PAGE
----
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5 minutes ago, John Mitchell said:

 

I have to agree. Chinese live animal markets are disgusting and highly dangerous. The annual dog-meat "festival" in Yulin is one of the most barbaric (only word I can think of) events on the planet. Google it -- but beware, the videos are sickening -- if you haven't heard about it.

 

 I haven't heard of this event but I think I will pass on googling and watching the slaughter.

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Posted (edited)

The government here in BC is telling us not to cross the US border, not even to buy cheaper gas (petrol), as British Columbians do all the time. Anyone who does visit the US even for a few minutes now has to self-quarantine for 14 days. Seems a bit draconian to me...

Edited by John Mitchell

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2 minutes ago, BobD said:

 

 I haven't heard of this event but I think I will pass on googling and watching the slaughter.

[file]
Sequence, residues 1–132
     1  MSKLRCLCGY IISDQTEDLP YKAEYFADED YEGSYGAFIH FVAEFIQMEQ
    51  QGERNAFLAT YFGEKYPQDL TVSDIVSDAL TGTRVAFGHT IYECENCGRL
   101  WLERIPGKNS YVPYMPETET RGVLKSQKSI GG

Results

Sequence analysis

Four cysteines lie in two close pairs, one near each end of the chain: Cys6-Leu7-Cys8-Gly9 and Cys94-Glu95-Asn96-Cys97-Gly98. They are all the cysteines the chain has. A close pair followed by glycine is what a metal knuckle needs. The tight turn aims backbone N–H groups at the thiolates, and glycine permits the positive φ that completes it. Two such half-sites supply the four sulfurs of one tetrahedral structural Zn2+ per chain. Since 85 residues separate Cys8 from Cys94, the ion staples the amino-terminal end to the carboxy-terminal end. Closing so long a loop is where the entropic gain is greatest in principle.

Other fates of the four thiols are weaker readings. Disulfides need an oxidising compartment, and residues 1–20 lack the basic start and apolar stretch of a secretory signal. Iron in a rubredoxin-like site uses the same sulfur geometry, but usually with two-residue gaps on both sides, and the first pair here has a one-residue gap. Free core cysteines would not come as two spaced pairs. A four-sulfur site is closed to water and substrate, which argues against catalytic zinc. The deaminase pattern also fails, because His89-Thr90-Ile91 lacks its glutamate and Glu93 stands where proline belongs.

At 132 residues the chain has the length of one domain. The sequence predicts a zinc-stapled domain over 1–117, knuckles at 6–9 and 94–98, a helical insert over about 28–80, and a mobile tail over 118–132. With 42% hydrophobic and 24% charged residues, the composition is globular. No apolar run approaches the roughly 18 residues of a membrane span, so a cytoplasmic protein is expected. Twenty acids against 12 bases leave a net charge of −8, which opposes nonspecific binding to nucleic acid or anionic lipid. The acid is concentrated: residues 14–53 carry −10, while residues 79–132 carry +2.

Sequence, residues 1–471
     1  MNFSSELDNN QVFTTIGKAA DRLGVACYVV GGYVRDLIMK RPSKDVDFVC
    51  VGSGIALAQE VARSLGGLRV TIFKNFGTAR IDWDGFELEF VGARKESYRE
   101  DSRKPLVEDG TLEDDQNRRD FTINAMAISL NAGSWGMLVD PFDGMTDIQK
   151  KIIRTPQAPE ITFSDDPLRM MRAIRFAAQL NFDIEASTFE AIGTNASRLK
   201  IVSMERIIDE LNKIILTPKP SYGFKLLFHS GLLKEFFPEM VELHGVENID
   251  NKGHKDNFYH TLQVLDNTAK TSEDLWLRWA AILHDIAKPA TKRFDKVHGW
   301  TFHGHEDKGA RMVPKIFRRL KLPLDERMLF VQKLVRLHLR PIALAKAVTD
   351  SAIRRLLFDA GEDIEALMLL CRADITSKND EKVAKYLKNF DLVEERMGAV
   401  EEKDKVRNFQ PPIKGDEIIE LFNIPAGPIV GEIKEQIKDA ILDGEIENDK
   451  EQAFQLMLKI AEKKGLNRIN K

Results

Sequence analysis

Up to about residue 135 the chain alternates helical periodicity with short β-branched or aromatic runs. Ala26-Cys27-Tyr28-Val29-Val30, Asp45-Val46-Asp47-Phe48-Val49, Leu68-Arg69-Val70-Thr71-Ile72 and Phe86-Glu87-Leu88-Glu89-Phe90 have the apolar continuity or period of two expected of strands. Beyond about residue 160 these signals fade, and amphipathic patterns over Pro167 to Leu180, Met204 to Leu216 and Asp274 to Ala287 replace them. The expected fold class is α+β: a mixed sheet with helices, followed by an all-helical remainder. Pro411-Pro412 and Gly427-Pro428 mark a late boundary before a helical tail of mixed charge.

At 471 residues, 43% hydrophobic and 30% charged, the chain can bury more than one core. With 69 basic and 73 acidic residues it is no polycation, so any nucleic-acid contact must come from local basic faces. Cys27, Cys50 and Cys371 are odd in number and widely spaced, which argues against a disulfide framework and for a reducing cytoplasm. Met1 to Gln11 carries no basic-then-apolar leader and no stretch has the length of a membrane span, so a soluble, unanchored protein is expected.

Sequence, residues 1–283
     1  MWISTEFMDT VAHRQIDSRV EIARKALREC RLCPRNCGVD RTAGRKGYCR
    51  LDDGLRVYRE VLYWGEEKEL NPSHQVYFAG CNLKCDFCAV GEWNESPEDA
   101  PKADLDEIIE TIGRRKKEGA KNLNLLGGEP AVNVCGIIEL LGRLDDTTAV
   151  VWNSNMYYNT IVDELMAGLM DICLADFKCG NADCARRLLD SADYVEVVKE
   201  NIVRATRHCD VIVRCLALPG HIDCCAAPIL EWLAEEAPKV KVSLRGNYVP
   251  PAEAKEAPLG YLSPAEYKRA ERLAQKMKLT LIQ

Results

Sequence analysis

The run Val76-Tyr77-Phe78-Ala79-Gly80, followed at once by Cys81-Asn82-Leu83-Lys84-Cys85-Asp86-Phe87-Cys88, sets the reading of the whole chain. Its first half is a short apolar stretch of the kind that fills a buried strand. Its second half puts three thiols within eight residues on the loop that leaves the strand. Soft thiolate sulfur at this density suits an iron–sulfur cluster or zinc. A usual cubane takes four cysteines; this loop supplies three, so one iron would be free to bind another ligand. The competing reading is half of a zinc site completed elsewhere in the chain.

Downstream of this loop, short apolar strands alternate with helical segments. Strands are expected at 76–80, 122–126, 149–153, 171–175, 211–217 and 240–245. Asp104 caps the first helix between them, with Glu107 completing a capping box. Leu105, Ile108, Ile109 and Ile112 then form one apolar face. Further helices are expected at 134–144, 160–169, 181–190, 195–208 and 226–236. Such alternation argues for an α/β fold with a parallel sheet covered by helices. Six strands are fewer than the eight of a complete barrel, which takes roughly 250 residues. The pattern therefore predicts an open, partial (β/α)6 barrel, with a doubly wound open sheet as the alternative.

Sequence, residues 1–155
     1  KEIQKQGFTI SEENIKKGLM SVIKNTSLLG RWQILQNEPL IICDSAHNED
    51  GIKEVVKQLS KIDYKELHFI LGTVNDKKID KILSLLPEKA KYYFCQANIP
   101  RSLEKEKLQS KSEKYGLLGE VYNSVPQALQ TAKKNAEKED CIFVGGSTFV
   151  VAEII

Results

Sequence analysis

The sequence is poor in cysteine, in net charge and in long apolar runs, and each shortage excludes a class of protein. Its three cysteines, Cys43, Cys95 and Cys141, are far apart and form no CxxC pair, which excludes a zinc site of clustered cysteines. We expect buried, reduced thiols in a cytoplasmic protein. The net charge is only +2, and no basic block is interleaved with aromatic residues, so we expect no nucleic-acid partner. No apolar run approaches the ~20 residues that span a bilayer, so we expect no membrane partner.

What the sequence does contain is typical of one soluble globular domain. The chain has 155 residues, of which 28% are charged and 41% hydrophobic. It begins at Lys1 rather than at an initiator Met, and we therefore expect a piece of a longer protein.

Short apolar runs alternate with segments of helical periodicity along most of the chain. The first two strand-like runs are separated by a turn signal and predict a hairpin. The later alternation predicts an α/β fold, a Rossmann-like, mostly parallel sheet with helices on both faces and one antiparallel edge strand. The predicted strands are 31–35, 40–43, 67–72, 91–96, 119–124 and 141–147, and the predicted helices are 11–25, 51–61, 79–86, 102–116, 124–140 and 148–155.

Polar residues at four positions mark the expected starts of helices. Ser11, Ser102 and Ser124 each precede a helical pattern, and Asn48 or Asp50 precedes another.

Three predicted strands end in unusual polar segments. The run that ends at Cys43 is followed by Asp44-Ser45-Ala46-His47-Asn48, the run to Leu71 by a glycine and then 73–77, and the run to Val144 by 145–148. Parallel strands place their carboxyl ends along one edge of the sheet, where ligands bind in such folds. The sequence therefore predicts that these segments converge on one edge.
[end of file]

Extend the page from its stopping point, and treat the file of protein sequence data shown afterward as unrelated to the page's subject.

Probably a wise idea. It won't do much for your faith in humanity. We tend not to be a very nice species...

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Posted (edited)
3 minutes ago, John Mitchell said:

The government here in BC is telling us not to cross the US border, not even to buy cheaper gas (petrol), as British Columbians do all the time. Anyone who does now has to self-quarantine for 14 days. Seems a bit draconian to me...

 

Probably this is also a reason why UK is going relatively soft at the moment. Too much, too soon,  and you will get certain sections of society refusing to co-operate and regarding the rules as impositions from an overbearing state.

 

Not the right time to be pondering this I suppose but interesting to compare responses in different countries of differing forms of government.

Edited by geogphotos

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Posted (edited)
3 minutes ago, BobD said:

Here is a good website to see what is happening around the world. https://www.worldometers.info/coronavirus/#countries

 

 

OMG it's like an Olympics medals chart! 

 

I suspect that it is more a measure of how much testing is going on than anything else.